With their massive superiority of firepower, the French were able to re-establish basic surface-level political power throughout the country. However, the Viet Minh retreated to the countryside, launching a guerrilla struggle that would allow the French no peace until the end of the war. “Resistance villages were built everywhere. French storage depots, strategic and economic centres, and communication lines were under constant attack. The war was even brought to the hearts of big cities such as Hanoi, Saigon, Hue and Haiphong, where the French had thought they were secure. Hand in hand with the guerrilla force, during the 1949-50 period the People’s Army launched a series of campaigns over the entire country, destroying more than 200 fortified positions, killing more than 10,000 colonial troops, and liberating large territories.” (Ngo Vinh Long)

Defeat for France

The victory of the Chinese Revolution in October 1949 provided a tremendous boost to the Vietnamese Revolution. Ho Chi Minh travelled to Beijing the next month to congratulate Mao Zedong and Ho’s old friends Zhou Enlai and Liu Shaoqi. A few weeks later, Beijing issued a declaration that China and Vietnam were together “on the front lines in the vanguard of the struggle against imperialism” (cited in Duiker). Shortly after, both China and the Soviet Union recognised the Democratic Republic of Vietnam – the government led by the Viet Minh – as the sole legitimate representative of the Vietnamese people. What’s more, the Viet Minh secured a steady supply of weaponry, and the assistance of dozens of battle-hardened Chinese military advisers (ironically, many of the weapons they received were North American: “Mao Zedong’s victory in China gave the Vietnamese not merely an ally but, for the first time, direct material aid. In addition to formal recognition, the Chinese shipped across the border a rich supply of American arms captured from Chinese Nationalist troops during the Chinese Civil War.” (Young))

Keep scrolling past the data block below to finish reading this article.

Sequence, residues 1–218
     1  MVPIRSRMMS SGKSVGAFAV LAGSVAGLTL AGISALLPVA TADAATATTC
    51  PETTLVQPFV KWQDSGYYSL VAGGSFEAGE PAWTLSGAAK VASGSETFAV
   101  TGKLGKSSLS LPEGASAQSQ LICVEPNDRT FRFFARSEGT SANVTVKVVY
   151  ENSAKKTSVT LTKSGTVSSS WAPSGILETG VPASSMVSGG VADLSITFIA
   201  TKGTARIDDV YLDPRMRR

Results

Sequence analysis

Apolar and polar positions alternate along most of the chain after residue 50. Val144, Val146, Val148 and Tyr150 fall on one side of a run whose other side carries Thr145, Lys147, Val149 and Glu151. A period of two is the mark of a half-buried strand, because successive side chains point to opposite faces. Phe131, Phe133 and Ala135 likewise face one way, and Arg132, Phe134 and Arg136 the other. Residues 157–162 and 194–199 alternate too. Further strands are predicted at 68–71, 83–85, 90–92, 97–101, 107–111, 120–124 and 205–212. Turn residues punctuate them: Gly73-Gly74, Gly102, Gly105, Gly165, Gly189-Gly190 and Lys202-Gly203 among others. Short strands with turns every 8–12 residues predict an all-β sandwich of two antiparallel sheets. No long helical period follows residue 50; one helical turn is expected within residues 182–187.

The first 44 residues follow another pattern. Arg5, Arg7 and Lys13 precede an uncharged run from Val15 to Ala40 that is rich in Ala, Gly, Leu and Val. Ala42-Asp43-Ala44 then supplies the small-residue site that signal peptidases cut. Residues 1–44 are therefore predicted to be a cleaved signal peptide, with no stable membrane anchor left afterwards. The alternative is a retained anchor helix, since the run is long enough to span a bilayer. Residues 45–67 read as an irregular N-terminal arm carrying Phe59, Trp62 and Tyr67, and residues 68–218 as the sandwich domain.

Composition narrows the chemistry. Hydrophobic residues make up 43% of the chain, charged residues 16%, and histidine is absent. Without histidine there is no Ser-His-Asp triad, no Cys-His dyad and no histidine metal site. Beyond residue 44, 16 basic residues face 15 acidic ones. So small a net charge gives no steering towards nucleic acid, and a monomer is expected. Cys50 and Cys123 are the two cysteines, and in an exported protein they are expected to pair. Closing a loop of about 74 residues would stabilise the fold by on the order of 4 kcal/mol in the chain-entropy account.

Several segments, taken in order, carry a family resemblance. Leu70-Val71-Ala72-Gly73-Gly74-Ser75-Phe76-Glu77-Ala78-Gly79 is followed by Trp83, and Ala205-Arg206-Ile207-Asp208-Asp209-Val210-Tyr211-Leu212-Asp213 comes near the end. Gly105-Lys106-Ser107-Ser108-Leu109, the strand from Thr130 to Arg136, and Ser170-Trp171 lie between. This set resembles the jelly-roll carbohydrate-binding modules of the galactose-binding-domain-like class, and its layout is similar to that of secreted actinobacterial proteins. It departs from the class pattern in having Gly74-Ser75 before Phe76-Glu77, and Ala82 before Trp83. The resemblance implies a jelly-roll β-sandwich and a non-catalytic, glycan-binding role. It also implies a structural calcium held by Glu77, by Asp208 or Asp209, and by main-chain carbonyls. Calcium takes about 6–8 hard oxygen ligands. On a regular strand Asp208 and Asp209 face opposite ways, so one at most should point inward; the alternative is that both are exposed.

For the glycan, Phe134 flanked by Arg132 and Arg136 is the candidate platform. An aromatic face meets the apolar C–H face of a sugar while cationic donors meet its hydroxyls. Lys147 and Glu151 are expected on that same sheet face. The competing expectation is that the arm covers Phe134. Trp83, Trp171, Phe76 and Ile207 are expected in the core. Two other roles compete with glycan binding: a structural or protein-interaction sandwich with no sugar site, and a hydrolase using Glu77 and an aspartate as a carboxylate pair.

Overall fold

The French were on their last legs. In March 1954, in a last-ditch attempt to reverse the tide of the war, they initiated an operation to insert a large number of soldiers at Dien Bien Phu, in the north-west of the country. The purpose of the operation was to cut off Viet Minh supply lines and draw the Viet Minh out of its guerrilla warfare comfort zone and into a major confrontation in which the French troops could make use of their superior military technology. They soon found out that they had badly underestimated the bravery and military brilliance of the Vietnamese.

Marilyn Young writes: “Through terrain the French had considered impassable, 200,000 peasants hacked trails and moved supplies as far as 500 miles to the battlefront. They laid hundreds of miles of roads. All through the North, women and men mobilised to transport dismantled howitzers and mortars (American in the main, captured by the Chinese in Korea), tons of ammunition, and rice by bicycle and shoulder pole. Troops and equipment, doubly camouflaged by jungle foliage which they attached to themselves and through which they moved, scattered whenever they heard the engines of the French planes searching for them. The combat troops, four divisions strong (49,000 men), carried their own weapons and food supply… Daily the column of porters and soldiers was strafed, bombed, napalmed; and daily they advanced.”

With everything in place, General Vo Nguyen Giap commenced the attack on 13 March. A few weeks later, on 7 May, the French surrendered. The Viet Minh had won its war against French colonialism – the first time in history a small colony had defeated a big colonial power” (Ho Chi Minh). A BBC report acknowledges that, “in the history of decolonisation, [The Battle of Dien Bien Phu] was the only time a professional European army was decisively defeated in a pitched battle.”

Analysing the historic Dien Bien Phu victory some years later, Giap wrote:

“We established a great historic truth: a colonised and weak people, once it has risen up and is united in the struggle and determined to fight for its independence and peace, has the full power to defeat the strong aggressive army of an imperialist country. Thus, Dien Bien Phu was a victory not only for our people, but also for all weak peoples who are struggling to throw off the yoke of the colonialists and imperialists.” (Vo Nguyen Giap, People’s War People’s Army)

US imperialism takes over from French colonialism

Within days of the Vietnamese victory at Dien Bien Phu, the Geneva Conference (convened by the big powers to resolve outstanding issues related to Korea and Indochina) agreed a programme to formally end the conflict. The Geneva Accords mandated that France withdraw and that Vietnam be temporarily partitioned into the Democratic Republic of Vietnam (the north, ruled by the Viet Minh) and the State of Vietnam (the south, ruled by Bao Dai). Nationwide general elections would be held by July 1956, and these would result in the creation of a unified Vietnamese state.